More than 2 million patients with CVD have reported marijuana use
Despite the modest strength of current evidence, cardiologists should screen and test their patients for marijuana use in select CV settings, according to a review published in the Journal of the American College of Cardiology.
“Patients are increasingly inquiring about the relative safety of marijuana use,” Muthiah Vaduganathan, MD, MPH, cardiologist at Brigham and Women’s Hospital Heart and Vascular Center, told Healio. “As a cardiovascular community, we need to be equipped with evidence-based responses.”
Available data on usage rates
According to the 2015 National Survey on Drug Use and Health, marijuana was the most commonly used drug of abuse. In addition, it is estimated that 2 million of the 89.6 million adults who reported marijuana use in the National Health and Nutrition Examination Survey from 2015 to 2016 have CVD, Ersilia M. DeFilippis, MD, second-year fellow in the division of cardiology at Columbia University Irving Medical Center, and colleagues wrote.
“While tobacco smoking in the U.S. has been declining, marijuana use is accelerating, and for the first time, there are more persons estimated to be using marijuana than smoking cigarettes,” Vaduganathan said in an interview. “Until further data are available, we advise caution regarding the use of marijuana in our highest-risk patients with established cardiovascular disease.”
As marijuana use and potency increases, adverse health effects related to cannabis have been reported in case series, case reports and observational studies. Several CV risks associated with marijuana include smoking-related cardiotoxicity, CAD, arrhythmias, cerebrovascular disease, cardiomyopathy and peripheral artery disease. Metabolic alterations may also occur with marijuana use such as weight gain in patients with HIV.
“Converging lines of evidence suggest potential cardiovascular toxicity of marijuana use,” Vaduganathan said in an interview. “Cannabinoid receptors are expressed broadly including on heart cells, platelets and fat cells. Marijuana use may potentiate physiological responses (such as increases in heart rate and blood pressure) that may be harmful to patients with cardiovascular disease. The combustion products of marijuana smoking may be similar to those of tobacco smoking. Observational studies have identified potential associations between the use of marijuana and subsequent cardiovascular events.”
Marijuana use may interfere with multiple CV therapy classes by inhibiting the cytochrome P450 family. Medications affected with use include calcium channel blockers, antiarrhythmics, beta-blockers, statins and warfarin.
Approaching discussions with patients
Clinical care should incorporate screening, counseling and testing when appropriate, given what is known about prevalent marijuana use, especially in patients with established CVD, according to the review. Cardiologists should ask their patients questions about quantity, frequency and methods of administration, and urine toxicology may be reasonable in patients with MI and new-onset HF.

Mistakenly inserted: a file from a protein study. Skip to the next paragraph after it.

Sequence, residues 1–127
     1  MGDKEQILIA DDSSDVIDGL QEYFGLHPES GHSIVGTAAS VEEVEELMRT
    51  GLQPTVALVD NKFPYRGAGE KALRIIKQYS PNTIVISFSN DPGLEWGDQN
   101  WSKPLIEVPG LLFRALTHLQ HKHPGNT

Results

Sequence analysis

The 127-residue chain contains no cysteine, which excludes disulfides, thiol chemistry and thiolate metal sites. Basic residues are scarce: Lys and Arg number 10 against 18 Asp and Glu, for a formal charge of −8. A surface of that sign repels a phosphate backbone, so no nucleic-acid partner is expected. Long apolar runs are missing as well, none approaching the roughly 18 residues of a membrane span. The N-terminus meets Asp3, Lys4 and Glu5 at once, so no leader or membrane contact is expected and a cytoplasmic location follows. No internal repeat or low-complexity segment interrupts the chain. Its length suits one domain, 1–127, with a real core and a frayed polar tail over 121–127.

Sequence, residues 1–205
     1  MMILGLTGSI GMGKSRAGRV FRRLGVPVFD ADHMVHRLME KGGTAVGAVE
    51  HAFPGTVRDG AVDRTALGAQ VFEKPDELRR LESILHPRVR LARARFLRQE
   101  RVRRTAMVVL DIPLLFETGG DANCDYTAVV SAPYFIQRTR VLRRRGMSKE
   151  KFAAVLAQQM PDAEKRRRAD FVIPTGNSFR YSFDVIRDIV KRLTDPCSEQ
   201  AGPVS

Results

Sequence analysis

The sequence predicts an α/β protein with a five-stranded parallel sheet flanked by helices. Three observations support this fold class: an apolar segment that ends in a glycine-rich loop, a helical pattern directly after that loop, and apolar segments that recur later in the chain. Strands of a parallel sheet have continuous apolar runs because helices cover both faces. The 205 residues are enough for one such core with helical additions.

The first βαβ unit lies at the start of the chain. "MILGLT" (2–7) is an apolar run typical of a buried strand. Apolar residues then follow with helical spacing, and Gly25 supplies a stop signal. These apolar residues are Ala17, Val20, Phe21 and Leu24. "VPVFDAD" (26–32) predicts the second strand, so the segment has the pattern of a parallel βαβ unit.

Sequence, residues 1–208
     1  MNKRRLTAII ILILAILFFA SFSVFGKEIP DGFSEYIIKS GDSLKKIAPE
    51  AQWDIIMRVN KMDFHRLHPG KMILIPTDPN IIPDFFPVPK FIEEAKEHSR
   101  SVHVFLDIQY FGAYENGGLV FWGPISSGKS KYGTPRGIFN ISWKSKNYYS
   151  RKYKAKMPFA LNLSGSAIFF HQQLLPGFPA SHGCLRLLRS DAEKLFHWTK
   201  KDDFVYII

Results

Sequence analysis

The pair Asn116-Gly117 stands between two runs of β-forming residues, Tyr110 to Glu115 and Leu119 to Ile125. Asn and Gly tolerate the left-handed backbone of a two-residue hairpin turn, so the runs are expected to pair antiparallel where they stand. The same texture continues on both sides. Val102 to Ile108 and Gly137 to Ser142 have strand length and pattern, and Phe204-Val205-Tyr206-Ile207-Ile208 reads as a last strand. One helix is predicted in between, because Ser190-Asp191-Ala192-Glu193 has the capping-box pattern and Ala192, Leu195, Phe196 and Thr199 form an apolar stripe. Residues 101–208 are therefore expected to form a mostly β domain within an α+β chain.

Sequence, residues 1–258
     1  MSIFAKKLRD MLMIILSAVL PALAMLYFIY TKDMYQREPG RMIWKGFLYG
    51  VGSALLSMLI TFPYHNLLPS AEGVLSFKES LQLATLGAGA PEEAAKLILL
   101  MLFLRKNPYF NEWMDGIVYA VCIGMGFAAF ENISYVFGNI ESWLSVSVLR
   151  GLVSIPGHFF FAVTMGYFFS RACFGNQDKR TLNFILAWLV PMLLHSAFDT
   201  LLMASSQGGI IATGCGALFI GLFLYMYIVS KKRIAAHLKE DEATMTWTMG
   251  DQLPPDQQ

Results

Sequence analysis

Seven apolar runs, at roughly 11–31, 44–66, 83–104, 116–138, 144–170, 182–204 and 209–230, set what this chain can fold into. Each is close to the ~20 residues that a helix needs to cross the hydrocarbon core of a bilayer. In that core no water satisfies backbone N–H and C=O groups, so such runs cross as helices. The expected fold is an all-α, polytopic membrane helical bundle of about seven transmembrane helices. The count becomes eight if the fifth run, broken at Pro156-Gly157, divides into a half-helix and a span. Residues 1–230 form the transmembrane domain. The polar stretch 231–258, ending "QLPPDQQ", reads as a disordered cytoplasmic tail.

“These will be highly individualized and nuanced discussions,” Vaduganathan told Healio. “There are a variety of tools available for assessing marijuana use.”
A multidisciplinary assessment with a pharmacist is encouraged for patients with CVD and known marijuana use to determine whether doses of therapies should be changed due to drug interactions, according to the review.
“Heightened awareness is needed among cardiovascular specialists of the broad range of potential health consequences of marijuana and its derivatives,” DeFilippis and colleagues wrote. “Cardiovascular specialists should have open discussions with patients acknowledging the limited scientific data but potential cardiovascular hazards of marijuana use, especially when used via smoking/inhalation routes.”
Since guidelines and regulations are limited for marijuana use and CVD, more research is needed to potentially formulate them, according to the review. Significant barriers exist regarding researching cannabis use such as variability in state laws and implementation and heterogeneity of the drug.
“Further research needed in this area include high-quality epidemiological surveillance of the update of marijuana among high-risk patient populations,” Vaduganathan said in an interview. “We also need in-depth pharmacological studies on the duration and intensity of interactions between marijuana and commonly administered medications. Lastly, we need qualitative studies regarding patient perceptions on use and perceived safety of marijuana.” – by Darlene Dobkowski
For more information:
Muthiah Vaduganathan, MD, MPH, can be reached at Brigham and Women’s Hospital Heart & Vascular Center, Harvard Medical School, 75 Francis St., Boston, MA 02115; email: firstname.lastname@example.org; Twitter: @mvaduganathan.
Disclosures: Vaduganathan and DeFilippis reports no relevant financial disclosures. Please see the study for all other authors’ relevant financial disclosures.